Drummer Will Champion told Q magazine February 2008 that many of the tracks on the album share a theme of “trying to remember what’s important in your life, rather than being carried away by the trappings of other things.”

    Chris Martin spoke to MTV News about this song: “I think everything we’re trying to do at the moment is about not starting again so much as breaking down what we’ve built up before and trying to build something different and hopefully better, or worse in a good way. And this song is one of our favorites, because none of us are doing anything on it that we’ve ever done before. But we really enjoy playing it. The longer you go on as a band, the harder it is to surprise yourself.”

    Chris Martin told The London Times November 28, 2008, he saw this song about a deposed dictator reduced to “sweep[ing] the streets I used to own” as being “really positive.” He explained that he saw it as “more like a turning-over-a-new-leaf kind of song.” Martin added that its like I’ve messed up, “and I don’t mind being punished, but I can get redemption.”

    … There you go: the song is an allegory of Martin’s self-discovery.

    • Hi K T

      [He explained that he saw it as “more like a turning-over-a-new-leaf kind of song.” Martin added that its like I’ve messed up, “and I don’t mind being punished, but I can get redemption.”]

      Suitably vague to also be left to interpretation, yes? But self-discovery is spot on.

  23. I think that “Revolutionaries wait for my head on a silver plate” refers to modern day atheists waiting for a major flaw or issue in religion, as opposed to Romans.

    Also your lyrics say “pillars of sand, pillars of sand” when I think it is salt for the first one, not sand

  24. I have really enjoyed reading your post on this song. Here is my post on this same song.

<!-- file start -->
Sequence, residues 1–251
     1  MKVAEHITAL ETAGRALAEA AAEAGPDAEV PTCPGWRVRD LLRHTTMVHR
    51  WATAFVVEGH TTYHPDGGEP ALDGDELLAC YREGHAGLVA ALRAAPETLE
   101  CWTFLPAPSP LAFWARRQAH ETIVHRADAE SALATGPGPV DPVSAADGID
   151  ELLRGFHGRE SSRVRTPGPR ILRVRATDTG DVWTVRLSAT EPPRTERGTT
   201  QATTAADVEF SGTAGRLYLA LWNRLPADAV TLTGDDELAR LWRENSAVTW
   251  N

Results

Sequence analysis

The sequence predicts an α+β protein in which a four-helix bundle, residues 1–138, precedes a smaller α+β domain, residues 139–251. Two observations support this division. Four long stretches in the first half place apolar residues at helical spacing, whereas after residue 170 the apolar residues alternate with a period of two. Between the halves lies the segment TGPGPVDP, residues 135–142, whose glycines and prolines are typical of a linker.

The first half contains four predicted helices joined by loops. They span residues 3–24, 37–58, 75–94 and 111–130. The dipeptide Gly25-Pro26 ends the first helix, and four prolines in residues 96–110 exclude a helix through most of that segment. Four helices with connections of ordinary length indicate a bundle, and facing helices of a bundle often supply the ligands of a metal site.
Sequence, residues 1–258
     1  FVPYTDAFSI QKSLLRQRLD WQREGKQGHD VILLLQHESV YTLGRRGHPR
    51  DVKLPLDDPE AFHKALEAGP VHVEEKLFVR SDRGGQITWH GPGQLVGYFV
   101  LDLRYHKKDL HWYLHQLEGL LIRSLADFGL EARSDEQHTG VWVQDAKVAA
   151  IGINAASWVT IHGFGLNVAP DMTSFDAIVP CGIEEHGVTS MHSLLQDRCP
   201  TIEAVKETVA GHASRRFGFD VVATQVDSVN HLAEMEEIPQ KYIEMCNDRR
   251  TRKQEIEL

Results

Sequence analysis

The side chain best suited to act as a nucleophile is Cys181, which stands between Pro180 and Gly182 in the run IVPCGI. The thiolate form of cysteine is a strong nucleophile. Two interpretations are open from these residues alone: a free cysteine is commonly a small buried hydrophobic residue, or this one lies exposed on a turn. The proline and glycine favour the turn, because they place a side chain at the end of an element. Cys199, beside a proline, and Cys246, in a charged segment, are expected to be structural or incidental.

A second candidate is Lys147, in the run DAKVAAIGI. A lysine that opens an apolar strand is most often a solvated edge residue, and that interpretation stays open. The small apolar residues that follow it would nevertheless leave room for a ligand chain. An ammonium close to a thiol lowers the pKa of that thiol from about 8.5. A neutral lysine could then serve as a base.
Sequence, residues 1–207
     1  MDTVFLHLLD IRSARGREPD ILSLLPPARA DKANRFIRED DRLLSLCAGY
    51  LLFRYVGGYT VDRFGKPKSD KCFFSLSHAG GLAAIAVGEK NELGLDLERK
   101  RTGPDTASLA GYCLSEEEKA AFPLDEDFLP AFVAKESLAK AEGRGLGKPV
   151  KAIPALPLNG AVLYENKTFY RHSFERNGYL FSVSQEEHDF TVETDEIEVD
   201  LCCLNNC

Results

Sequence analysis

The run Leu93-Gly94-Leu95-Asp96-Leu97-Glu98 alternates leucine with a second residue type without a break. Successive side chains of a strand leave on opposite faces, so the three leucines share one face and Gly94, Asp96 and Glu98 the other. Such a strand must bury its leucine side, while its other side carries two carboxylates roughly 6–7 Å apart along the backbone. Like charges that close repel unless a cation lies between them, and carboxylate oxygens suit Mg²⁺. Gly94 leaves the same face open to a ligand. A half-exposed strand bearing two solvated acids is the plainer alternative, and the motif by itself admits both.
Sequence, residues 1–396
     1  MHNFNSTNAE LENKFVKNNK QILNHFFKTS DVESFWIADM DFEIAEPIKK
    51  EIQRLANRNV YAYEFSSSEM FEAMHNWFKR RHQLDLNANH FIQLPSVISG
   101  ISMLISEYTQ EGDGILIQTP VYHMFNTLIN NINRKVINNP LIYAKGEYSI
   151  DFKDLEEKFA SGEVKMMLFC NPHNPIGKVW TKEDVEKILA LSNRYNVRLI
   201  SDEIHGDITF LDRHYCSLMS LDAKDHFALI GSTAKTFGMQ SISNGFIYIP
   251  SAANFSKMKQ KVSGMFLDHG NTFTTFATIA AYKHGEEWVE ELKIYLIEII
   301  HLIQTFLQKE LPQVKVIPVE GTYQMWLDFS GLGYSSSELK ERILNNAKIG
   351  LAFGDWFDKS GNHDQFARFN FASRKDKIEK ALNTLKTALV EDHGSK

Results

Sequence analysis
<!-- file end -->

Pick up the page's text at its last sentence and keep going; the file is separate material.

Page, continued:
Chris Martin was brought up as an evangelical Christian but he left the faith once he left his childhood home. However, there are been some actions in his life in the last few years that demonstrate that he still is grappling with his childhood Chistian beliefs. This is the third part of a series I am starting on this subject. Today we will look at how the Bible has influenced the lyrics of Viva La Vida.

    On June 23, 2012 my son Wilson and I got to attend a Coldplay Concert in Dallas. It was great. Viva La Vida was one of our favorite songs that did that night.

    Here is an article I wrote a couple of years ago about Chris Martin’s view of hell. He says he does not believe in it but for some reason he writes a song that teaches that it exists:
    Belief of Eternal Punishment in Grammy Winning Song
    By Everette Hatcher

    Chris Martin of the rock group Coldplay wrote the song Viva La Vida, and the song just won both the grammy for the “Song of the Year” and “Best Pop Performance by a duo or Group with Vocals.”

    In this song, Martin is discussing an evil king that has been disposed. “I used to rule the world…Feel the fear in my enemy’s eyes…there was never an honest word and that was when I ruled the world, It was the wicked and wild wind, Blew down the doors to let me in, Shattered windows and the sound of drums, People couldn’t believe what I’d become…For some reason I can’t explain, I know Saint Peter won’t call my name, Never an honest word, But that was when I ruled the world.”

    Q Magazine asked Chris Martin about the lyric in this song “I know Saint Peter won’t call my name.” Martin replied, “It’s about…You’re not on the list. I was a naughty boy. Its always fascinated me that idea of finishing your life and then being analyzed on it…That is the most frightening thing you could possibly say to somebody. Eternal damnation. I know about this stuff because I studied it. I was into it all. I know it. It’s mildly terrifying to me. And this is serious.”

    I have been following the career of Chris Martin for the last decade. He grew up in a Christian home that believed in Heaven and Hell, but made it clear several years ago that he actually resents those who hold to those same religious dogmatic views he did as a youth. Yet it seems his view on the possibility of an afterlife has changed again.